Thursday, October 10, 2013
Tuesday, October 8, 2013
Friday, December 16, 2011
We are lucky to have my parents nearby. They only live about 15 minutes away so the kids get to see them often. They have this fabulous yard, the kind that beggs for kids to be as they really are; adventurers, warriors, race car drivers, wizards and creators.
They have this plant in the yard (as seen in the picture) I don't know what it's called but they look like cat tails on steroids.
Since my daughter has been reading MANDY she has been taking care of this patch of vegetation and making it her own "Narnia" as she calls it.
She has woven mats out of blades from the plant.
she has even made some chairs (held together by tape) Don't they look like something straight out of Fairytopia?
The best part is that there is an open circle inside the plant. This is what she has REALLY been working on. It's her own fort. The place where she will put her chairs, mats and other decorations. She has spent hours on it already and she's still going strong.
But this is just the beginning! There are so many great books she has yet to discover. I can't wait to see what she'll come up with next.
It takes me back to my childhood. I loved making my own forts, hiding places and other worldly places.
What about you? Did you have your own world or . . . how were you inspired by books as a kid (or heck, even now?)
Thursday, December 8, 2011
Kate has graciously answered some of my questions about her journey to finding an agent.
But first, a little about Kate. She's one of the most dedicated, focused and hard-working writers that I know.
Kate's features appear in publications such as:
Prior to launching a successful freelance career, Kate edited telecommunications and veterinary medical newsletters, website copy, and technical documentation.
Kate develops, writes, edits, and designs a wide range of business materials, both in print and online, including brochures, newsletters, press releases, corporate identity pieces, marketing "give-aways," and website copy.
And now, (drum roll please) Kate's interview about how she found her agent:
What type of writing do you do and how long have you been writing?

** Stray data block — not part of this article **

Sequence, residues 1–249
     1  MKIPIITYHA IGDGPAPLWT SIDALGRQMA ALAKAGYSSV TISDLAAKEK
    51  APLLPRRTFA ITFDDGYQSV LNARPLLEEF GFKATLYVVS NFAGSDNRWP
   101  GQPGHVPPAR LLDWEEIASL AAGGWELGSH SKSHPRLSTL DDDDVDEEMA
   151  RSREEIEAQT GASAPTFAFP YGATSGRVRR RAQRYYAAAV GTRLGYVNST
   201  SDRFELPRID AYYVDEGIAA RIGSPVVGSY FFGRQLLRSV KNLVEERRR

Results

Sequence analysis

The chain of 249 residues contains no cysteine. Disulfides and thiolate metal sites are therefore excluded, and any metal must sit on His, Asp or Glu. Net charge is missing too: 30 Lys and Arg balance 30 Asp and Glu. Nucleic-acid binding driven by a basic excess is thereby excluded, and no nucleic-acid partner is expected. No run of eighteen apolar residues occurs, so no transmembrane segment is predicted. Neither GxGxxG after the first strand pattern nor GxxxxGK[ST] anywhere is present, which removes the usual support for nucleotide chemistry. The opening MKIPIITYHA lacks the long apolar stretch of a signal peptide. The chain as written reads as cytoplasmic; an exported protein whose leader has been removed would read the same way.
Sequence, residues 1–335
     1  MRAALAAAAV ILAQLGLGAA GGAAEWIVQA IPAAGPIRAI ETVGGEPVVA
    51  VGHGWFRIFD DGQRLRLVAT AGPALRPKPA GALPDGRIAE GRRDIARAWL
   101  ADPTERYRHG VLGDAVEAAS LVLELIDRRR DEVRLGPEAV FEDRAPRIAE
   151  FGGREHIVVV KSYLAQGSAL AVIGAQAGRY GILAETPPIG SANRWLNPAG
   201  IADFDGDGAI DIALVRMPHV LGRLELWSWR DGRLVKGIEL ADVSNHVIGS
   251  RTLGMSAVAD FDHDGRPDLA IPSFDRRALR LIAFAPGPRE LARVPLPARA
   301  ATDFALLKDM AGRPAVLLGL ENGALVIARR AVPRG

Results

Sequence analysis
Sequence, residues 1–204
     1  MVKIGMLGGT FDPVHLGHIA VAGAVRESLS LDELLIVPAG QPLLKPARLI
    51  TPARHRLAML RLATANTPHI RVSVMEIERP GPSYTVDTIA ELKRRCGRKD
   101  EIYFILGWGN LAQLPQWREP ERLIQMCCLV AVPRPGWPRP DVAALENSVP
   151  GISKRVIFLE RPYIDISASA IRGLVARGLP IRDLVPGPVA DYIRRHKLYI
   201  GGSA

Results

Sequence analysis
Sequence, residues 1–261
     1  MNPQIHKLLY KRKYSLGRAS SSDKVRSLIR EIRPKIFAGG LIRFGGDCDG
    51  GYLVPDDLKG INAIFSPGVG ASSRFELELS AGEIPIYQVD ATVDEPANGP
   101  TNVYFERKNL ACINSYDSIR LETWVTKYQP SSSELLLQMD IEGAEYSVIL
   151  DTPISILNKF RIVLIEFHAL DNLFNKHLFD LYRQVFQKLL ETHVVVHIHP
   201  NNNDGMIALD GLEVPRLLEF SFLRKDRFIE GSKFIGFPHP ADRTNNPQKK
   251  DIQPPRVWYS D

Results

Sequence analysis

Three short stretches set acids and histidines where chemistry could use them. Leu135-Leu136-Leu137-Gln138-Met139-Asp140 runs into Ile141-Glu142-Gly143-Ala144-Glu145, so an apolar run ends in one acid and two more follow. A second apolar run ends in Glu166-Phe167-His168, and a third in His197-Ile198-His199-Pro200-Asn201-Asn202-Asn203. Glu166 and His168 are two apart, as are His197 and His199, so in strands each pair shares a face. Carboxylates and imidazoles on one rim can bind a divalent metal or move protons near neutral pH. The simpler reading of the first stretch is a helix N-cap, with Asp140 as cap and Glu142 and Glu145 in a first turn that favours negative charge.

I’m a freelancer, so most of my work is writing for magazines. I’ve been doing that for about nine years. A few years ago, I started writing non-fiction children’s books for Nomad Press, an indy publisher in Vermont. I’ve done about seven books for them now.
How long had you worked on the manuscript that landed your agent? How many revisions?
when did you seek an agent for the first time, and how/why did you know it was time to look for one?
At the beginning of 2011, I decided it was well past time for me to do what I’ve always wanted – write fiction! So, in January, I began tossing plot ideas around in my head. I started writing in earnest in February. I finished the first draft a couple months later (I write fast!), and I must have done about three major revisions. I started looking for an agent in August. I knew I was ready because I felt like I’d taken the revisions as far as I could go. I was ready for some input from someone who does fiction day in and day out – someone who really knew this side of the business well.
How did you find your agent and then come to the conclusion that she was “the one?”
I did a lot of research to find an agent. I ran searches on different “find an agent!” sites, putting in my key points – I needed someone who did middle grade, who was interested in “boy books,” and who took submissions via email! When this agent responded to my query, she was very polite, professional, and seemed genuinely excited about my manuscript. And when I found out we’d gone to the same university, I figured it was fate!
What encouragement given to you did you hold onto while you were searching for an agent?